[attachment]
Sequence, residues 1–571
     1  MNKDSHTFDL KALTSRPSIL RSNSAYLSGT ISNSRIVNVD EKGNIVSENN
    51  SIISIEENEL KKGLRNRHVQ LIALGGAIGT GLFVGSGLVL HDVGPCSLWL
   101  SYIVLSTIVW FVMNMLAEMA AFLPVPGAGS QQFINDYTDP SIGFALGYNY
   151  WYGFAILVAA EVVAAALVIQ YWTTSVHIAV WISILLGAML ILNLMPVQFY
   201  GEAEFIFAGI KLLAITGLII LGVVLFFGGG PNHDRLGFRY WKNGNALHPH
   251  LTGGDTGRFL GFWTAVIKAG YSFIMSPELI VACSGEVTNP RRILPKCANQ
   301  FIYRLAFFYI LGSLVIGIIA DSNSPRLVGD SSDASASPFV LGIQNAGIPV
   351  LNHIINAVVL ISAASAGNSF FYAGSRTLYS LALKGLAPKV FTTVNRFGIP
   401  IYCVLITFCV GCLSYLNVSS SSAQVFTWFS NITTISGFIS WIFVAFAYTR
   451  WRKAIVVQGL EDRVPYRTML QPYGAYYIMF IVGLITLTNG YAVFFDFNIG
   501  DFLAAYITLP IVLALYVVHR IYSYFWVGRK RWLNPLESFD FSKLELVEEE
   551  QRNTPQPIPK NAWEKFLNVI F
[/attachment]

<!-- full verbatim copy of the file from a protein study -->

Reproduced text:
Sequence, residues 1–571
     1  MNKDSHTFDL KALTSRPSIL RSNSAYLSGT ISNSRIVNVD EKGNIVSENN
    51  SIISIEENEL KKGLRNRHVQ LIALGGAIGT GLFVGSGLVL HDVGPCSLWL
   101  SYIVLSTIVW FVMNMLAEMA AFLPVPGAGS QQFINDYTDP SIGFALGYNY
   151  WYGFAILVAA EVVAAALVIQ YWTTSVHIAV WISILLGAML ILNLMPVQFY
   201  GEAEFIFAGI KLLAITGLII LGVVLFFGGG PNHDRLGFRY WKNGNALHPH
   251  LTGGDTGRFL GFWTAVIKAG YSFIMSPELI VACSGEVTNP RRILPKCANQ
   301  FIYRLAFFYI LGSLVIGIIA DSNSPRLVGD SSDASASPFV LGIQNAGIPV
   351  LNHIINAVVL ISAASAGNSF FYAGSRTLYS LALKGLAPKV FTTVNRFGIP
   401  IYCVLITFCV GCLSYLNVSS SSAQVFTWFS NITTISGFIS WIFVAFAYTR
   451  WRKAIVVQGL EDRVPYRTML QPYGAYYIMF IVGLITLTNG YAVFFDFNIG
   501  DFLAAYITLP IVLALYVVHR IYSYFWVGRK RWLNPLESFD FSKLELVEEE
   551  QRNTPQPIPK NAWEKFLNVI F